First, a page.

Make the dough, roll it out, put it in the pie plate and refrigerate it while you make the apple filling and then the walnut streusel topping. When baking, make sure you put a rimmed, foil-lined baking sheet under the pie plate in case of drips.  The pie needs to cool nearly completely before slicing, so begin by early afternoon if you want this for tonight’s dinner dessert.

Make the dough for the crust:

  • 1 1/3 cups all-purpose, unbleached white flour
  • 1/2 cup unsalted butter, cut into pieces
  • 1/2 teaspoon kosher salt
  • 1/4 cup iced apple juice or cider
  • 1 tablespoon white granulated sugar
  • 1/2 teaspoon cinnamon
  1. In food processor place flour, butter, and salt. Pulse until mixture has several different sized lumps from rolled oats to peanut M&M-sized.
  2. Pour ice water in slowly, while processing, and continue processing until dough just begins to hold together. Do not over-process.
  3. Remove to a well-floured board or counter and quickly pat together first into a ball and then into a disc. Sprinkle both the disc and the rolling pin with flour and roll into an circle about 1/8″ thick and 2″ larger than the diameter of your pie pan. Turn the pie pan upside down and hold it over your dough to check size. (You can also do this between sheets of waxed paper on a dampened counter, turning over and rolling once on other side to release dough after your dough is about 11″.) Carefully and loosely roll pie onto your rolling pin and drape over the pan so that you can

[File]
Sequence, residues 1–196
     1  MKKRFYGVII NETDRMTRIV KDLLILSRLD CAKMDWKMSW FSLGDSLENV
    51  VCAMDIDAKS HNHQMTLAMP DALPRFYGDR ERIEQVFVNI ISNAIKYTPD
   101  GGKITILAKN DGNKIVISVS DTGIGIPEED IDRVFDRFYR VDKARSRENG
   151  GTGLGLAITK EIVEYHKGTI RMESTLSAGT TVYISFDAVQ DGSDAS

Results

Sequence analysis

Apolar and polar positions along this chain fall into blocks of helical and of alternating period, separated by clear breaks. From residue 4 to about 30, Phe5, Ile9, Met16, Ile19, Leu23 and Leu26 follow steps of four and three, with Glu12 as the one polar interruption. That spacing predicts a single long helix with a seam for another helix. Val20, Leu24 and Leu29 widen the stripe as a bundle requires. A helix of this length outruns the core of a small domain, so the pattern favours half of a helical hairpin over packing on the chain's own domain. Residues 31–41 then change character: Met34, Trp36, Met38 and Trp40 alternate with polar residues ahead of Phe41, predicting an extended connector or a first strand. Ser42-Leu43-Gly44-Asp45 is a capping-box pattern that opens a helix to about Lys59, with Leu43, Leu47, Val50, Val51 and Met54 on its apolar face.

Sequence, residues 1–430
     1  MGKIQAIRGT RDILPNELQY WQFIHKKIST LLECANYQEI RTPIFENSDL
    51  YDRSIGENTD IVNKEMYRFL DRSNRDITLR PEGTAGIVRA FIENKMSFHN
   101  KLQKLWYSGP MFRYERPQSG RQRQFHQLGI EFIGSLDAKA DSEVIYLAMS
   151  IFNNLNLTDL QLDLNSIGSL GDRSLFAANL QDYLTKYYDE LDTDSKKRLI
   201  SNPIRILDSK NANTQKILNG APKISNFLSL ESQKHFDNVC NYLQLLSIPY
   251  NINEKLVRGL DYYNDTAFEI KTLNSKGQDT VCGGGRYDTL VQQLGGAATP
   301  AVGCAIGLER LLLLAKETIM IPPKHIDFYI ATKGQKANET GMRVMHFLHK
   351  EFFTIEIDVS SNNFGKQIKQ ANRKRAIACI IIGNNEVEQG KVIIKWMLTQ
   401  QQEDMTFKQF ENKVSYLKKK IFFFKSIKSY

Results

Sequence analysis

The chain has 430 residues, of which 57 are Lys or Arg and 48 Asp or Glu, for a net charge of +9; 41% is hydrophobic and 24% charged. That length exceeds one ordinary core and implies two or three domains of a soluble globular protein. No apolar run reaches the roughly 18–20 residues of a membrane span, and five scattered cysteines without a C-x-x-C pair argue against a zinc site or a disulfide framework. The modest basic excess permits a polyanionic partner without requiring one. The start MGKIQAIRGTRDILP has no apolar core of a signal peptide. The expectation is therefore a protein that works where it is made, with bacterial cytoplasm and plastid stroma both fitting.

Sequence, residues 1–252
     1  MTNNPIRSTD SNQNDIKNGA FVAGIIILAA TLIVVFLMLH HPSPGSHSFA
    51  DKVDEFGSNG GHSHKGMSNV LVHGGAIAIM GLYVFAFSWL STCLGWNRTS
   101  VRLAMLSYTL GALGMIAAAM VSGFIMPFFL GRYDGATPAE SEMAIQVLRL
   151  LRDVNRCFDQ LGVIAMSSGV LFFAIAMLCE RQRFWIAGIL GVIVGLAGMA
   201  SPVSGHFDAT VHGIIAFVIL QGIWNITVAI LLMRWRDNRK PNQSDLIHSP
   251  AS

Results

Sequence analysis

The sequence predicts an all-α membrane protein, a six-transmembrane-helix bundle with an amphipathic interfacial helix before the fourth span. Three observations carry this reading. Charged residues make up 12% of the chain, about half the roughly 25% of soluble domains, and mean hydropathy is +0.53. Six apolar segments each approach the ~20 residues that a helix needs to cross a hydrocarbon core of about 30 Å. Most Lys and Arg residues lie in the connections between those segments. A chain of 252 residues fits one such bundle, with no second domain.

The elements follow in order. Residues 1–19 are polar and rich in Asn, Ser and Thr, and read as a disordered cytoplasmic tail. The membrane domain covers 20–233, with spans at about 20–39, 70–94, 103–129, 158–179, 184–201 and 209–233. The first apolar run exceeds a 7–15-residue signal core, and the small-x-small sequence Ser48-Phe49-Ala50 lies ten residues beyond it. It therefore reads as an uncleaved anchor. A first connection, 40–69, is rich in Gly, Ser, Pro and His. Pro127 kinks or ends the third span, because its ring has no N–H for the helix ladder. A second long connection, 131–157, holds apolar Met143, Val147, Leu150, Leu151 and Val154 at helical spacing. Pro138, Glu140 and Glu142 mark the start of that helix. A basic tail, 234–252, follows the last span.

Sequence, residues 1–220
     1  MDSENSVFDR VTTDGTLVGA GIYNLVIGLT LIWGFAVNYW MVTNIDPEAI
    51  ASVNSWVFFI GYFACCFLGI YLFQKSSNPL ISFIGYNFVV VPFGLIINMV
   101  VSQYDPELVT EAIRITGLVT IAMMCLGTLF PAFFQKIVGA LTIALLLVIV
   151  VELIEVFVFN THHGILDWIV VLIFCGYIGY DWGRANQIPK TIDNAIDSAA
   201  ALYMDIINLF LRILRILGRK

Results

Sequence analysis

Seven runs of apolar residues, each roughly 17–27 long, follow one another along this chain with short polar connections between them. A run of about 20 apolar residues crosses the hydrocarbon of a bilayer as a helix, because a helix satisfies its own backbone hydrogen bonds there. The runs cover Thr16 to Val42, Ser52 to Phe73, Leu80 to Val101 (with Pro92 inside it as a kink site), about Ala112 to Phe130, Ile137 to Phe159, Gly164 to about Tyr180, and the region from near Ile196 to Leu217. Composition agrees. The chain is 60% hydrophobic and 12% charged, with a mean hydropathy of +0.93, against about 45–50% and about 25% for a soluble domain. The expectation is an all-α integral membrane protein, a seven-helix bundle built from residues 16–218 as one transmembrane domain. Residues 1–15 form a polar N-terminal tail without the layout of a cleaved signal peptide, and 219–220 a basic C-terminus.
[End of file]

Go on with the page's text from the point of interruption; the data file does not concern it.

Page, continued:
4. Line a 10″ pie pan (or 9 1/2 if you can’t find 10-inch) with the dough, making sure there are no air bubbles in the bottom on the crust. Trim overhang and crimp. If you don’t know how to crimp a pie crust, use a table fork and press the edges of the dough into the rim of the pie plate. (See bottom of post for photos on crimping; they may help.) I recommend glass Pyrex pie plates so you can see how done the crust is.
  5. You can buy pre-made dough in the refrigerator section at the market. Fit it in the pan and continue. Don’t buy frozen crust, please.
  6. Mix sugar and cinnamon in a small cup and sprinkle evenly over the crust.
  7. Place crust in refrigerator while you make the filling and the topping.

Preheat oven to 350 and line a rimmed baking sheet with foil. Make the filling and then the topping.

Make the apple and sour cream filling:

  • 8 tart apples such as Granny Smith or Honeycrisp, cored, and sliced (no need to peel)
  • 2/3 cup sour cream
  • 1/3 cup white granulated sugar
  • 1 egg, lightly beaten
  • 1/4 teaspoon salt
  • 1 teaspoon vanilla extract
  • 3 tablespoons all-purpose, unbleached flour
  1. Place sliced apples in a large bowl.